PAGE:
In this same context, the art collective Spam Church has developed its own initiative for the recovery of basic emotions within a digital world. Saint-Étienne is a digital art project in which the daily reality of movement is captured from a subjective lens. Real emotions are conditioned by the subjective perception of a certain time and place. Thus, it presents an anonymous personal introspection centered on an observation of any type of movement in everyday situations. It is attempted to gain the attention of the observer, although without claiming it. This turns the project into a reaction to many movements and current trends observed on the Internet and social networks. Saint-Étienne mixes real sound, music, image and life in motion.
Human beings tend to reinterpret history and reduce it to very particular moments through concrete memories, many of which are unconscious and random. These memories are stored somewhere in the individual brain. However, certain feelings linked to any of our senses can allow us to revive them many years later. Thus, a smell can remind us of a place or transport us to a past moment in our lives. However, the Internet and digital societies break this paradigm by reinterpreting history from an informational emotion overload. For example, YouTube can give us a very biased view of the music of the 90s because its repository only stores a part of all the music available in those years. In this sense, Saint-Étienne chooses to place itself between the analog and digital world, appealing to real emotions through digital images. It tries to transmit real (and tangible) emotions in a world, which is so emotionally intangible, like the digital world. Besides, it does through the artistic expression within the digital world, which is an unusual place fort art.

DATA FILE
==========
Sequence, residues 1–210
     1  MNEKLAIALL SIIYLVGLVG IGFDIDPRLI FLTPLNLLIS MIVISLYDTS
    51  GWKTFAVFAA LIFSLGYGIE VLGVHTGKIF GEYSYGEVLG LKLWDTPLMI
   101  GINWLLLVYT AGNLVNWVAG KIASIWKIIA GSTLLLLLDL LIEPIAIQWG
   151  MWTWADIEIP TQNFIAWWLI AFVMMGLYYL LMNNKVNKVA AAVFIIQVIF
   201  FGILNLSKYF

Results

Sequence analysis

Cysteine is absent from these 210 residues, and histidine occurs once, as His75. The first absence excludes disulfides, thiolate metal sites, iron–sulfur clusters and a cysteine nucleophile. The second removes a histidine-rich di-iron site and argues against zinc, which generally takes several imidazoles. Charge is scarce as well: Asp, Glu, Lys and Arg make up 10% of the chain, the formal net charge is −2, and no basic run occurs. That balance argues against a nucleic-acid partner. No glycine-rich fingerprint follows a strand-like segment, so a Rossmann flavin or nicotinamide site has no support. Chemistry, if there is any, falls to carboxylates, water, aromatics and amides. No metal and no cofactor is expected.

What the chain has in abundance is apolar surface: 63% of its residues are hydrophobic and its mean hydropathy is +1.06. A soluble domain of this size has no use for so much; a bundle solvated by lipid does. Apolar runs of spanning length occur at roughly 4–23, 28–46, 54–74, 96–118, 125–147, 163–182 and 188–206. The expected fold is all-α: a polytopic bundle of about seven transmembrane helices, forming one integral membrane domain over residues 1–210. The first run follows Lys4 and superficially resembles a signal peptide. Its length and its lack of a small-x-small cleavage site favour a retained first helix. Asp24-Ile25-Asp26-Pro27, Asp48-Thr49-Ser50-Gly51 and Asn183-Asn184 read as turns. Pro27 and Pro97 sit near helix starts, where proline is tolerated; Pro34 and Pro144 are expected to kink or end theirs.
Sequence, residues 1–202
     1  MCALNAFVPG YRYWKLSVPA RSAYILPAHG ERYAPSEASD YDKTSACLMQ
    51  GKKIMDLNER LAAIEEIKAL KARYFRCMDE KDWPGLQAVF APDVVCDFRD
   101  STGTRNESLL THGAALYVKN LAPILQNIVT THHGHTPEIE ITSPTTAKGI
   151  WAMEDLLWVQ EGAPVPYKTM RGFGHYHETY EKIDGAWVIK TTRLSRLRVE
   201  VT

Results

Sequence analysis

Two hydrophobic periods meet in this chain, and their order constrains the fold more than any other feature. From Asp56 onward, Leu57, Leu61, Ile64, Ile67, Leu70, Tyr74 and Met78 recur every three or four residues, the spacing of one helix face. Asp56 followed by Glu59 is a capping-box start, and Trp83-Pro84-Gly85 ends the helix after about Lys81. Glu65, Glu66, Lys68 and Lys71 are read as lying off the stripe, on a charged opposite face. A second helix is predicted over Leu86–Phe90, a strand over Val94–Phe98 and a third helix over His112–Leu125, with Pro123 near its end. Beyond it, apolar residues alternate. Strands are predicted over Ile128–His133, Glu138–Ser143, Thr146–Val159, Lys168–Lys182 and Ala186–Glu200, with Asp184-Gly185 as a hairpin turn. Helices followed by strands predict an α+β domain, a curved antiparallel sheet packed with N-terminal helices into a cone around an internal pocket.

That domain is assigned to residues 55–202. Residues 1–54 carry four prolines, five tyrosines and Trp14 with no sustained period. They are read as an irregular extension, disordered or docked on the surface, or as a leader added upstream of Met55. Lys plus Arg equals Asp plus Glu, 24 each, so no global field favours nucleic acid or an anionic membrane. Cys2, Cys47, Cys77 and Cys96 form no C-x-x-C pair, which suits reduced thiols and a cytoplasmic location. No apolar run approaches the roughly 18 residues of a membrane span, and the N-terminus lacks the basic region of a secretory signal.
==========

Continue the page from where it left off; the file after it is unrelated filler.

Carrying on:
Finally, Saint-Étienne was conceived, since its creation back in 2017, as a project basically focused on the evasion of Hypermodernity, the recovery of ¨places¨ (from ¨no places¨), as well as a dedication to solitude. However, the exceptional situation we are experiencing these days caused by the isolation from COVID-19 in much of the world, has allowed to assign a new value to the project. We can continue to feel the freedom of the outside world from our confinement.
Spam Church is an artist collective and aggregator of content originated in 2017 at the Massachusetts Institute of Technology, Cambridge, MA, USA. Currently headquartered Berlin-Kreuzberg, Germany, its charter is to illuminate the many ways spam mediates our social world through design, installations and field experiments.
An antidote for the modern soul, spam church provides digital interaction that subverts the spamminess we have all come to consume without really knowing it. The collective attempts to take back the internet from its colonizers and corporate overlords.
In the early 20th century, corresponding with the renowned Golden Age of Travel, the french city of Saint-Étienne was a popular stop for automobile travelers in Europe. These were times of Modernity in which emotions were real and located outside.
Nowadays, we spend most of our time in front of laptops, smartphones, and other kinds of digital devices. Most of our basic human emotions are under threat. Saint-Étienne is a digital art project based on the transmission of emotions from the observation of movement. It presents new ways of conceiving forms under which the daily reality of a certain place is perceived from a subjective lens. Saint-Étienne mixes sound, image, and life in motion.